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Practical Applications of Pesik Reishei

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Oct 31, 2006
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Practical Applications of Pesik Reishei


The previous issue introduced the concept of pesik reishei; an action that includes an unavoidable prohibited result.  That article presented a distinction between beneficial unavoidable results (pesik reishei d'nicha lei) and non-beneficial unavoidable results (pesik reishei d'lo nicha lei) and indicated that room for leniency exists when the unintended result is only a rabbinic violation.  This week's article will focus on some of the practical applications of pesik reishei


Safek Pesik Reishei


As noted in the previous issue, an action with an unintended prohibited result (davar she'aino mitkavein) is permitted if the result is not inevitable.  Let us compare two different situations. In the classic scenario of davar she'aino mitkavein – dragging a chair across the lawn - we don’t know whether dragging the chair will create a furrow. It is possible that a furrow will be created, but it is also possible that a furrow will not be created, because the chair is not heavy enough, or because the ground is too hard, etc.    


Taz, Orach Chaim 316:3, queries regarding a subtly different situation, which is best clarified by example.  Suppose someone is unsure whether he disabled the light in the refrigerator prior to Shabbat.  On the one hand, it is arguable that opening the refrigerator is a davar she'aino mitkavein since there is a doubt as to whether the light will activate.  On the other hand, it is arguable that this is not a davar she'aino mitkavein.  If the light was not disabled, it will (almost) certainly activate upon opening the refrigerator.  The only doubt that exists revolves around a previous event – whether the light was disabled.  In this second type of situation, the doubt is not about whether the current action will produce an unintended prohibited consequence, but rather, about whether some prior act occurred (in our example, failure to deactivate the light prior to this Shabbat) which would lead the current action to have an unintended prohibited consequence.    This type of situation is termed safek pesik reishei (l'she'avar).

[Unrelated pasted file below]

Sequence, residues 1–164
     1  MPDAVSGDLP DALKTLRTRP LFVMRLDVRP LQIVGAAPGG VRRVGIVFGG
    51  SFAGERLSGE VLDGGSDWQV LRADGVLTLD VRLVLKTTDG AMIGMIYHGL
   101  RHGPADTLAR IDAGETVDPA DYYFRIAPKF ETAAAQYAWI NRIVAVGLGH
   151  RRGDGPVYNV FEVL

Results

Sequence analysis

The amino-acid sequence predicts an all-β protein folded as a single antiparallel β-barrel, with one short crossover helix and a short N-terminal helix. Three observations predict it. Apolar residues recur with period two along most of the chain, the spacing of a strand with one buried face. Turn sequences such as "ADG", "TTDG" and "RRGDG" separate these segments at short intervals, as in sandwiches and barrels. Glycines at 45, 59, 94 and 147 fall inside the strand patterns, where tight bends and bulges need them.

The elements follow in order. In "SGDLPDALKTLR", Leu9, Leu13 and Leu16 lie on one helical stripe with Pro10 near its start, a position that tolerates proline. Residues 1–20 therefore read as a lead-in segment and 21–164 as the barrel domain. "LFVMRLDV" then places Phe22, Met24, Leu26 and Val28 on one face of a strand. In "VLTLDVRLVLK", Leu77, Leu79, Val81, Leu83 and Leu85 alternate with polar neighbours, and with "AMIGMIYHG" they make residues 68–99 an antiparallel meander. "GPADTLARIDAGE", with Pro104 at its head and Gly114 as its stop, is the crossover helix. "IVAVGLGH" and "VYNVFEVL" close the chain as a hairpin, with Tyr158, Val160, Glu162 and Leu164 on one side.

Taz concludes that one may treat this situation as a davar she'aino mitkavein and allow the action to take place.  R. Akiva Eger, Glosses to Yoreh De'ah 87:6, disagrees and maintains that one must be stringent on the matter.  R. Eger proves his position from a ruling of Rama, Yoreh De'ah, 87:6.  Rama rules that it is prohibited to stoke the coals of a furnace which has a pot on it that belongs to a non-Jew since by stoking the coals he may in fact be cooking meat and milk together (cooking meat and milk together constitutes a biblical violation, see Yoreh De'ah 87:1).  R. Eger notes that this situation is one of safek pesik reishei.  The person who stokes the coals has no intent to cook another person's food.  His primary intention is to warm the house or to cook his own food.  Additionally, this person does not know if there is meat and milk in the pot.  Rama's conclusion that one should not stoke the coals proves that safek pesik reishei is prohibited.


Mishna Berurah, Bi'ur Halacha 316:3, s.v. V'Lachen, in addressing this issue, concludes that if the safek pesik reishei will potentially result in a biblical violation, one should be stringent.  If the potential result is only a rabbinic violation, one may assume the lenient position.  R. David Z. Hoffman, Melamed L'Ho'il 3:102, rules that regarding Shabbat, which requires m'lechet machshevet (pre-designed action), one may be lenient regarding safek pesik reishei, since the action lacks a clear knowledge of the result.  Regarding other areas of Halacha, where the principle of m'lechet machshevet does not apply, one must assume the stringent position.  With this distinction, R. Hoffman notes that R. Eger can no longer prove his position from Rama's ruling.  Rama's ruling relates to the laws of basar b'chalav where m'lechet machshevet does not apply.  


Amira L'Nachri on Pesik Reishei


R. Yisrael Isserlin, Terumat HaDeshen 1:66, rules that it is permissible to ask a non-Jew to perform a permissible action whose secondary result will constitute a violation (pesik reishei).  This ruling is codified by Rama, Orach Chaim 253:5 and Mishna Berurah 253:99.